Back to Life, Warts and All
Elaine Woo on writing about unsavoury lives.
Elaine Woo, a native to Los Angeles and a writer for the LA Times for over 30 years, is on a mission to make men cry. Well, maybe not quite — But she says it’s certainly an effective way to gauge if an obituary is successful. Woo has covered the deaths of Rosa Parks, Elizabeth Taylor, Christopher Hitchens, amongst many, many more. We chatted to her about forming relationships with her subjects, problems encountered when writing about minorities, and the lessons she’s brought from obituary writing into her own life.
Why, in your opinion, do we need obits? Why do we, as a society, feel this compulsion to talk about people’s lives after the fact?
Personally, I think of a good obit as serving much the same purpose as a good profile — why did this life matter? What were the high points? The low points? What might that tell us about the way we want to lead our own lives?
People think obit writing is morbid, but it truly isn’t — when I write an obit, I try to bring the subject back to life, warts and all. On many days, the obit section brings more humanity to the paper as a whole than the anything else.
But at the same time, there has to be a certain level of morbidity inherent in being an obituarist — Surely, when you’re talking to grieving relatives nearly every day, that would have some impact on you?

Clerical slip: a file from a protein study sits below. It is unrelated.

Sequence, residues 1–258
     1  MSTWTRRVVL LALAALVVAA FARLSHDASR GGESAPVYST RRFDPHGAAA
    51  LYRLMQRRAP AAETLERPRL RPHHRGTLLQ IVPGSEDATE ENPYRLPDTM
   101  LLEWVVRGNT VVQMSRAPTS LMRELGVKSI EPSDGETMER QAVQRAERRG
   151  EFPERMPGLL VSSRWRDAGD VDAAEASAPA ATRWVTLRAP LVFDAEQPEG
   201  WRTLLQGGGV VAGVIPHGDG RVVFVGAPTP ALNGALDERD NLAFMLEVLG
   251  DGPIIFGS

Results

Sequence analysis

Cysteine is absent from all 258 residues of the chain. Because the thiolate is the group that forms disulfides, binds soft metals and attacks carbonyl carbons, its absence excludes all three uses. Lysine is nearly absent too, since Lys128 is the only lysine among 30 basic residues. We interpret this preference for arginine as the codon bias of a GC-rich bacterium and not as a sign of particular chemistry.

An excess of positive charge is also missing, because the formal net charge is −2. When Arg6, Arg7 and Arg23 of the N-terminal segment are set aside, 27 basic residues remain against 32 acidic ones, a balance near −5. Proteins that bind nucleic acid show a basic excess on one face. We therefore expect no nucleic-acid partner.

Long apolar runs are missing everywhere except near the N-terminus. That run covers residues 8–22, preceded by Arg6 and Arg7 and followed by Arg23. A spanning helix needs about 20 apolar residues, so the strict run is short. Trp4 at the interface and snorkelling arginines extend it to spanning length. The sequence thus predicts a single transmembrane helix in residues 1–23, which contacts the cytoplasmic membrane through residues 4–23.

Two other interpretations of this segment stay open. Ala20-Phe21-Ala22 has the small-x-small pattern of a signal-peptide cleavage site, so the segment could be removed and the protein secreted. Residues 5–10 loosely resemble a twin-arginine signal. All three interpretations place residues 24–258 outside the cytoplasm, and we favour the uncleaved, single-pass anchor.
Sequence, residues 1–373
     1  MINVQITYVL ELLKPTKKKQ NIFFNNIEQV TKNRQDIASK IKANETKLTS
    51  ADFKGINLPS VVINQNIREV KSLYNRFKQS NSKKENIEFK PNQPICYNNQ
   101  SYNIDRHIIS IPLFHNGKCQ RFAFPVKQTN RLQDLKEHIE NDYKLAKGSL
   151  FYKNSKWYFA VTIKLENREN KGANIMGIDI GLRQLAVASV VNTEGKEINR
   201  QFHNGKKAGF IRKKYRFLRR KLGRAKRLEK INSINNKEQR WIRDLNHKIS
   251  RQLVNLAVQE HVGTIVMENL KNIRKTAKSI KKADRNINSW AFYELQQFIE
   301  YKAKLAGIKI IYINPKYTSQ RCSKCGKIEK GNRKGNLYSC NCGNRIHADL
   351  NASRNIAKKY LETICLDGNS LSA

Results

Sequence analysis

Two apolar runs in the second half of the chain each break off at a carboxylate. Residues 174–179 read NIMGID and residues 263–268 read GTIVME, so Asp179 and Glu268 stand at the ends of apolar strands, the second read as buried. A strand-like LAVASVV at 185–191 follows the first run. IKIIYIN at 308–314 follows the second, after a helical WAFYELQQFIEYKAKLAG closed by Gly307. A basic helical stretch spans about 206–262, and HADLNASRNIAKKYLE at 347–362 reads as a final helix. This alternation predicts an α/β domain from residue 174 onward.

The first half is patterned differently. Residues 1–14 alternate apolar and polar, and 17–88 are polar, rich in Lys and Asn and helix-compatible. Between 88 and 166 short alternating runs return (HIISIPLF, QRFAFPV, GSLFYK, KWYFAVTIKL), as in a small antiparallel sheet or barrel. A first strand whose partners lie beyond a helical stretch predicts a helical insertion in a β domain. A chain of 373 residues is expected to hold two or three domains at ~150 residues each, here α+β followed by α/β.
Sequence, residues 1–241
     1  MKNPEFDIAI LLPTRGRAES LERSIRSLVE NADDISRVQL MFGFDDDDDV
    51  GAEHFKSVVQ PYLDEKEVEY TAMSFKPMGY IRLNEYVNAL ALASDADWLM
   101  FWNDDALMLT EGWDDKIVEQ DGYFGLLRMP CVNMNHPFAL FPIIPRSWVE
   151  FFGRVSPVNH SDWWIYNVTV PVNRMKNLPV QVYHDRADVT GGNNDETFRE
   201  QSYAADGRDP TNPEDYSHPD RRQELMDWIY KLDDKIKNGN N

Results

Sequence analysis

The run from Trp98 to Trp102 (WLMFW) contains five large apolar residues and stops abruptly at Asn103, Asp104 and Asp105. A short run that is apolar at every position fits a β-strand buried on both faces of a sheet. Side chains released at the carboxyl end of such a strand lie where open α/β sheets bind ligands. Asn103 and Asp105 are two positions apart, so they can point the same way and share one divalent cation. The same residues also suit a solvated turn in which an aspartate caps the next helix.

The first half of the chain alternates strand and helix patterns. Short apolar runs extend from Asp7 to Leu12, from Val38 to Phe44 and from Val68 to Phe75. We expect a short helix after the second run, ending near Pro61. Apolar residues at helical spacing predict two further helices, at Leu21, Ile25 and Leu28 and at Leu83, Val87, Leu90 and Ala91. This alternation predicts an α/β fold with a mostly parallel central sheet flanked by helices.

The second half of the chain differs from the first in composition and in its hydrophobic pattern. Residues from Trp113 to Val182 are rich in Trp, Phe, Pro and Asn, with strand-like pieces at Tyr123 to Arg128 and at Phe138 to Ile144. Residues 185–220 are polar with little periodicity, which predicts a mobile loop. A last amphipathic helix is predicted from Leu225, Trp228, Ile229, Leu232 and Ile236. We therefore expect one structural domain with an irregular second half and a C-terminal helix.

Not really. Does that sound cold? I empathise with them, but rarely have I interviewed survivors who were too distraught to talk about their loved one. In fact, it’s very often the case that they won’t stop talking! So no, I don’t find it depressing at all.
“For me, the ultimate compliment is when a reader asks if I knew the dead person — then I know that I succeeded in drawing a full and engaging portrait.”
Of the obituaries you’ve written, are there any that did have a particularly strong personal effect upon you — positive or negative?
The first major advance I wrote was for Elizabeth Taylor. She had a long history of health problems and nearly died a number of times. I first wrote her advance around 1999. She was with us for another dozen years, and during that time I updated the story several times. When she finally died in 2011, I was quite sad — I felt I had this bond with her going back 12 years, so I was a bit sorry to see the story finally published. Usually obit writers rejoice when an obit written in advance hits Page 1, but in this case, I was sorry that our “relationship” had ended.
Another story, that drew a rather different emotion from me, involved the ex-boyfriend of actor Rock Hudson, Marc Christian. He tried to hoax us into believing he was dead so we would write his obit and, I presume, be shamed for writing a false story. I spent a couple days trying to confirm his death, ultimately coming to the conclusion that he was very much alive. When he finally died a few years later, confirming his death was again difficult, but I did get the story — That was very satisfying!
Fascinating — And do you have any favourite obits?